Seraphin isn't doing great this season, but then again, not many rookies are. Washington must have seen something in his game to want to grab him at 17th.
Originally, Los Angeles traded up to get Eric Bledsoe, who ended up moving up quite a bit from 18th in the re-draft.
So here the Clippers get a guy who hasn't exactly been what was expected so far this season but still has the potential to be a very good player.
Overall, it isn't a bad downgrade, but it is still a downgrade.
Boston wanted a guard who can shoot the ball the first time around, so the second time around they will probably be looking for the same thing.
Grevis Vasquez is a definite improvement over their original pick of Avery Bradley. He has much more potential to blossom into a good player than Bradley.
The need for a shooting guard struck San Antonio as their biggest in the summer and that still seems to be the case.
James Anderson has been decent for the Spurs this season, but has only played in six games. A guy like Crawford, who is struggling this season but still has a big upside, is an improvement for the Spurs.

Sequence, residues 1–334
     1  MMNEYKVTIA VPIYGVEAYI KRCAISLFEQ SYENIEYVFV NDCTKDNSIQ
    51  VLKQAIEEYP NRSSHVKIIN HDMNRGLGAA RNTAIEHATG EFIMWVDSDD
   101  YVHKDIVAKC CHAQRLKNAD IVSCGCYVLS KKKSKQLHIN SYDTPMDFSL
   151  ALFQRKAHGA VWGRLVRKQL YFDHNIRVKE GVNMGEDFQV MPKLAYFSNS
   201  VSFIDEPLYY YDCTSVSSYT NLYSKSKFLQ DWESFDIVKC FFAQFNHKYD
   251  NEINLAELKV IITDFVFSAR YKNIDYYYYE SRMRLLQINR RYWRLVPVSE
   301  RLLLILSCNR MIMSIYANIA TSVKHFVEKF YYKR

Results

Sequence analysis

Originally, the Hornets were looking for a guy who could play either forward position and score when asked, so they grabbed Craig Brackins. He isn't even in the NBA this season.
Here, taking Jeremy Evans would give them the same thing they were looking for in Brackins—but a guy who is actually in the league.
The speedy little point guard Ishmael Smith has proven to be a good point guard for the Houston Rockets this season and he could possibly be better with Portland.
With the more viable options on Portland's second unit, Smith could end up racking up more points and assists, giving them a good boost from the bench.
After getting John Wall with the first pick in the draft, the next thing on Washington's wish list was an athletic forward with rebounding and shooting skills.
Well, they took Trevor Booker the first time and he is off the board in the re-draft, so Pondexter is their next best bet.
He may not be the best rebounder in the draft class, but he is one of the better shooters and can score from anywhere on the floor. He just needs to adjust to the NBA still.
Damion James was their first choice here in the summer, but he is already gone in the re-draft, so Armon Johnson makes sense here.
Johnson, a backup point guard for Portland, is a good all-around guard and is steadily improving this year, bringing him up from the early second round to late first round in our re-draft.